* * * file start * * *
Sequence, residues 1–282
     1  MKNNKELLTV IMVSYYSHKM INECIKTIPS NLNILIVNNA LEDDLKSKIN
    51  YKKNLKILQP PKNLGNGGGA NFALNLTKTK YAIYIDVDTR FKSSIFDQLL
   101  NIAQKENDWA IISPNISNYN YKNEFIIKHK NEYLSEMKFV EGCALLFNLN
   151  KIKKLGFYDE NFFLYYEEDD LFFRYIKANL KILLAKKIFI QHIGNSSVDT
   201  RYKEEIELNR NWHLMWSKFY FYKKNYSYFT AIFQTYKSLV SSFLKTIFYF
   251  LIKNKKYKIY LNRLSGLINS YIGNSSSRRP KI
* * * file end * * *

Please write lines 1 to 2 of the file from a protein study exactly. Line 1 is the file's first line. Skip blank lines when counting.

Sequence, residues 1–282
     1  MKNNKELLTV IMVSYYSHKM INECIKTIPS NLNILIVNNA LEDDLKSKIN